Saturday, August 12, 2017
Masterpiece Cake Shop v. Colorado Civil Rights Commission Amicus Brief (Part I)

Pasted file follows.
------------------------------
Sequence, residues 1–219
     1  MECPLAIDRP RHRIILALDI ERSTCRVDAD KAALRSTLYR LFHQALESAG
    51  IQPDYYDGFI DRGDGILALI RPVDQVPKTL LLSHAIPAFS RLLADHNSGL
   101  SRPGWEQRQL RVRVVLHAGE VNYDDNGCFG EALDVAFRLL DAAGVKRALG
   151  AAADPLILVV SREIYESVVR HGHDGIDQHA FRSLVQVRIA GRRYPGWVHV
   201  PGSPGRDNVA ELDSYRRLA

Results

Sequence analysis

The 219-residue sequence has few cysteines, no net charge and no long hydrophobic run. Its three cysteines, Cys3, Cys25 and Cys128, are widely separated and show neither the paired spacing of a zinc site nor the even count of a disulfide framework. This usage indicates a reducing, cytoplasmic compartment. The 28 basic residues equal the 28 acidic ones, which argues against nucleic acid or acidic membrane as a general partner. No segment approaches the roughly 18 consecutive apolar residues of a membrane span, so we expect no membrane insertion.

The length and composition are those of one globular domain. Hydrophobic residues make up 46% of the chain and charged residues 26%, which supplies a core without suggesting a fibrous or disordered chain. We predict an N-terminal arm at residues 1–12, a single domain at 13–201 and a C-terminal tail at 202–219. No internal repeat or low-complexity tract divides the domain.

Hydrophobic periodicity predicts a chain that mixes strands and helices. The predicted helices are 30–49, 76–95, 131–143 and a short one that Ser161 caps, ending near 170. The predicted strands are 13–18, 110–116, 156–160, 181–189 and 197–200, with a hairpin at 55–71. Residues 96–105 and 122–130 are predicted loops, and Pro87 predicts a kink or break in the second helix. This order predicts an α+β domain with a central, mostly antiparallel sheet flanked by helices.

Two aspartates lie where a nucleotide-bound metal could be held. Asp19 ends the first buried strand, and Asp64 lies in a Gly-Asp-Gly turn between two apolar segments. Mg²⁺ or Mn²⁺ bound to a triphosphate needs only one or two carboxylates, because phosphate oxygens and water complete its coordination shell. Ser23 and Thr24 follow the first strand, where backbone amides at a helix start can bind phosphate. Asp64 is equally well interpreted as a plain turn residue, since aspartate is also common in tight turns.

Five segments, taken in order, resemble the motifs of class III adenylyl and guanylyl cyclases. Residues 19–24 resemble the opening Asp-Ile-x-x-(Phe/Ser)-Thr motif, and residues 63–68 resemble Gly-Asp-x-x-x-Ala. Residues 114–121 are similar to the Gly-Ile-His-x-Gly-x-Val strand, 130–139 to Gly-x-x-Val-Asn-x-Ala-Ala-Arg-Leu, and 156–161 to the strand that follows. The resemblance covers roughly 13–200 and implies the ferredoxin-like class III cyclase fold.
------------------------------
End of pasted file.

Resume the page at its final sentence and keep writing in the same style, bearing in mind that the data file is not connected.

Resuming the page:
The Colorado Civil Rights Commission enforcing the Colorado Anti-Discrimination Act (CADA) fails to meet its burden of proof when it decided Masterpiece Cake Shop discriminated against a gay couple wanting a wedding cake for five reasons (other than those reasons being contended on behalf of the Cake Shop’s legal counsel: Free speech cannot be compelled and free speech covers artistic views). First, the actions of Masterpiece Cake Shop were not discriminatory in any way. It is instead an example of social justice and political correctness gone horribly wrong. Unfortunately, it is not uncommon to have discrimination claims over simple moral and ethical disagreements. If Masterpiece Cake Shop is discriminating than it can be easily conferred that CADA is also discriminatory. Secondly, this case is about clashing Fundamental Rights. The elevated Fundamental Right of gay marriage and equal protection versus free speech and religious freedom. If there is no discrimination then equal protection does not apply. Hence, it becomes a case between a controversial and conflicting elevated right versus natural law enumerated rights. Third, this is a case about a person’s First Amendment right to protest which cannot be abridged without a compelling government reason. CADA is flawed for several reasons. First, it only protects customers from discrimination and not business owners (only customers can claim discrimination). Secondly, CADA fails to address the issue of customers putting forth controversial opinions and viewpoints that are in direct violation of the religious beliefs or creed of business owners. Finally, since the Colorado Anti-Discrimination Commission is political their history is to side with the most perceived disenfranchised party and not the law. Their motive is to protect against discrimination and not protect Constitutional rights of unprotected classes. For this reason, the speech of the Colorado Commission is comprised of many false factual statements that can defame the character of private citizens. For instance, since Masterpiece Cake Shop practice of its religious and free speech liberties are classified in the same manner by the Colorado Commission as someone who truly discriminates, this is a false factual statement and can unnecessarily defame the character of a private citizen. Fourth, Religious liberty is not truly protected by CADA and fears of unscrupulous use of religious freedom to deny protected classes their Fundamental Rights are unfounded. CADA fails to pass congruent and proportionality tests since the commission has a history of siding with the most disenfranchised group. Religious liberty cannot be denied without a compelling government reason. Finally, CADA fails to meet a simple rationale basis test of undue burden when it should be required to meet strict scrutiny demonstrating a compelling state interest to abridge both freedom of speech and religious liberty. 1. Discrimination The day after a horrific act of terror attack killed 49 persons at an Orlando Night Club I was watching CNN’s Anderson Cooper (he was on site covering the story). Cooper interviewed Florida Attorney General, Pam Bondi, and I am paraphrasing the conversation that followed. Cooper asked Bondi about the events and to reflect. Of course, Bondi responded in a shocked, surprised, and mournful manner. She was hurt and upset over both the hate and waste of life. Cooper followed up by asking Bondi “how can she be so upset over these events when she does not even support gay marriage?” That folks, is unfortunately where we are at in our society. We are so embroiled in our public debate over social issues we have become brainwashed into believing conservatives, religious followers, and Republicans who do not agree with gay marriage must want gay people to be slaughtered. It is extremely disconcerting that a respected news anchor would ask such a question. Does Cooper really believe that people disagreeing over gay marriage want the LBGT community slaughtered in cold blood? I do not think Cooper would be happy if someone shot up a Church even though they disagreed with his views over gay marriage. Can’t Cooper distinguish between a disagreement over moral and ethical standards and true hate and terrorism? I find it hard to believe that any true Christian would find any gratitude in the events that transpired in Orlando. I cannot name a single American who saw anything positive in that tragedy. I saw lots of tears, but not a single cheer. But this type of vitriol is not uncommon and exists in this case: a conflict between religious and social-civil rights. Many of the comments and remarks over this case have devolved calling Masterpiece Cake Shop racist, bigoted, and hateful. I have a growing concern that many in the LBGT community believe that the denial of a wedding cake is nothing more than some deep-rooted anger, hatred, racism, and bigotry by religious followers towards gays that simply does not exist. It a disagreement over moral and ethical standards between religious and social-civil rights, and that is it. The fact that the gay couple in this case could not see this difference and even filed a complaint is even more concerning. Why would the gay couple want to force the religious owner to alter their beliefs to accommodate their needs? This country has a history of following a vicious cycle of events. Generally protected classes of citizens in America have forgotten their struggles and over time commit the same types of discrimination on others. Shortly after feminist won suffrage they supported eugenics in the twenties and in the seventies tried to overturn laws providing veterans (men) better job opportunities and healthcare. The reason Proposition 8 failed in California was because the vast number of the religious African-American population sided against gay marriage. We fail to have self-awareness to understand that we are doing the same thing we did not like being done to us to someone else. Two wrongs do not make a right. Vengeance is never the answer. The answer is to have patience and tolerance and to understand that a lot of people will have different viewpoints and opinions that differ from our own and that does not mean they are discriminating. We need to accept our point of view is never 100% correct nor will ever be 100% accepted. Does the First Amendment prohibit discrimination? No, it does not. Most discrimination is protected speech. In fact, many groups of people depend on discrimination for their existence: female athletics, women’s groups and schools, men’s organizations and schools, military combat restrictions on women, age limits to qualify for certain activities and so forth. The equal protection clause of the Fourteenth Amendment and the Commerce Clause have been used by the Court to curb discrimination, not the First Amendment. The Colorado Anti-Discrimination Act (CADA) prohibits discrimination in public accommodations including businesses of all kinds. CADA defines discrimination against protected classes of citizens on the basis of color, national origin, marital status, creed, race, gender, religion, and sexual orientation. The dictionary defines discrimination similarly, “the unjust or prejudicial treatment of different categories of people or things especially on the grounds of race, age, religion, or sex.” CADA’s marital status designation conflicts with the Colorado Constitution which defines marriage as being between one man and one woman. CADA allows no exceptions to its statute and therefore, expects a business owner to forgo their Fundamental Religious Liberty and be compelled to uphold practices they do not believe. In this sense, CADA conflicts with the Religious Freedom and Restoration Act of 1993 (RFRA) which applies to all federal, state, and local laws. Masterpiece Cake Shop was merely practicing its ideals, which are the same ideals found in the Colorado Constitution and RFRA. Chief Justice Roberts said, “Congress had a reason for enacting RFRA, too” (Gonzales v. O Conto Espirita Beneficente Unioa do Vegetal, 2006). In today’s world of social justice and political correctness discrimination is a harsh label to apply to any one person or group. Being labeled as discriminatory is the same as being labeled as a bigot or racist by today’s standards even though that is not how the word is defined. Discrimination and labels that are associated to the word are often thrown around recklessly. To discriminate there must be a pattern and history of that behavior for definitive proof. Every instance of political correctness mistakenly places a label of discrimination, hate, bigotry, and racism on a person or group. For instance, someone referring to terrorism as “extreme Islamic terror” is labeled as an Islamaphobe bigot, racist, and hater of Muslims. Americans supporting actions against illegal immigrants are also considered bigots and racists. Americans supporting a temporary ban on immigration from Muslim countries are also all classified as haters by a vast number of our populous. Sure, some of the people supporting these measures may be true discriminators, but a vast majority are not. Most simply want to keep America safe from terrorism and see illegal immigration as a drain on our economy. We need definitive proof before we go around labeling someone as Hitler. This case is no different. The label of discrimination placed on the Masterpiece Cake Shop has devolved into other unfair labels and comparisons without any proof and without a history or pattern of any such behavior. Differing viewpoints, morals, or ethical standards does not necessarily constitute discrimination although it may violate what someone may perceive as being political correct. This case involves the conflict between two Fundamental Rights (Religious Liberty and Equal Protection), it is not a battle over discriminatory views. Maybe the word abridge can be used instead of discrimination. Abridge means to curtail rights or privileges, it does not mean to prohibit rights as discrimination implies. Social justice to put an end to discrimination is a necessity. But social justice can also be an evil by wrongly asserting every act of political correctness constitutes some form of discrimination. It is just as discriminatory to force or compel someone to practice what they do not lawfully believe. Discrimination claims in this case cut both ways. The only reason this is a complicated case is due to the fact that unfair labels associated with discrimination can make religious liberty conflicts with social or civil liberties ugly and polarizing on the national level. It would be prudent to have a fair definition of discrimination (maybe abridge). A definition that would not label most of our populous as haters, bigots, and racists, but one that distinguishes between real political and legal debates over morals and ethical standards and true acts of discrimination. Since Roe v. Wade, this Court has had to deal with conflicting civil or social Fundamental Rights with natural or traditional enumerated Fundamental Rights. This trend will continue with the Obergefell v. Hodges decision. I believe the Court has a right to elevate Fundamental Rights through the Ninth or Fourteenth Amendments (although I believe the privilege and immunities clause makes more sense to elevate rights over the due process clause, but that would take overruling the Slaughter House cases). The problem in this case, and others like it, is when elevated rights, that are not overwhelming supported by the public, conflict with other enumerated or elevated rights. This issue needs to be addressed by the Court. Social justice and political correctness confuses anything that may “offend”, “annoy”, or “hurt feelings” with discrimination. Ruling against Masterpiece Cake Shop will open a flood gate of frivolous lawsuits confusing every act of political correctness with discrimination. In Bray v. Alexandria Health Clinic (1993) the Court faced a similar situation. In that case the Court held that the Ku Klux Klan Act of 1871 could not be used against anti-abortion protestors. The Court rightly understood the difference between discrimination against free African-Americans and the dispute between differing moral and ethical views about abortion. The Masterpiece Cake Shop case is no different, it is dispute over differing morals and ethics and is not discrimination. To discriminate Masterpiece Cakes must show a consistent pattern of denying service to gay persons for ANY reason, not just for wedding cakes. Masterpiece Cake Shop would also deny service to a customer wanting to promote anti-American or any anti-religious activity. Would anyone disagree if Masterpiece Cake Shop denied service to a communist group wanting a cake showing the American Flag in flames? Would this also be considered discriminatory against one’s creed? Would a gay cake shop owner be allowed to deny making a cake for Nazi Parade celebration? A Nazi parade, if peaceful and with a lawful permit, is a legal activity. Would anyone blame the gay or even straight bakery owners for turning away that type of business? It is bad business to have your product associated with controversial groups that would yield bad publicity. But if CADA wants to treat all citizens equally, then the creed of White Supremacist should not be discriminated against either, right? Would a black baker be discriminating to deny making a Confederate Flag cake for a White Supremacist group? Would an Islamic baker be compelled to make a cake for a church group who wants to depict Allah in a bad manner? Would an Atheist cake maker discriminate by refusing to make a Ten Commandants Cake? Maybe not, based on how the CADA commission has ruled on some prior cases. Three Denver Cake bakers were found not guilty of violating creed discrimination of CADA for declining to bake a Christian Cake in opposition to same sex marriage. Social justice and political correctness hysteria in America has declared poor grades discriminate against the intellectually challenged; bad credit discriminates against the poor and unwise spender; and criminal laws discriminate against criminals. It seems everything discriminates. Obergefell v. Hodges (2015) was a decision that went against the beliefs of a vast number of religious followers from many different religions. This is true for a number of reasons. First, the law changed the traditional definition of marriage found in the Bible that marriage is between a man and a woman. It is always hard to accept when something people believe in with strong conviction is altered. Secondly, Obergefell was not a case about love, but one about government entitlements attached to marriage. For religious follower’s marriage does not discriminate, instead it is the government entitlements attached to marriage are what discriminates. Would gay people still want to be married if government entitlements were not attached to marriage? This question was not answered satisfactorily to religious followers in Obergefell. Marriage is about love, and not about tax breaks. Marriages based on financial tax breaks will not last the test of time. Without love, marriages will eventually end in divorce. Finally, religious followers see Obergefell as a symbol of the Court using social justice and political correctness to justify its decision, not the law. For these reasons, one can understand why Masterpiece Cake Shop is protesting the elevated Fundamental Right of gay marriage. In Roemer v. Evans, the Court held a Colorado referendum denying the gay community preferential treatment was unconstitutional. If this Court finds that someone who is offended or has hurt feelings deserves protection via social justice and political correctness, then the dissent in Roemer was correct. This would yield preferential treatment to one class of citizens at the expense of another class of citizens. Preferential treatment to protected classes of persons may have the unintended effect of discriminating against another group of unprotected classes.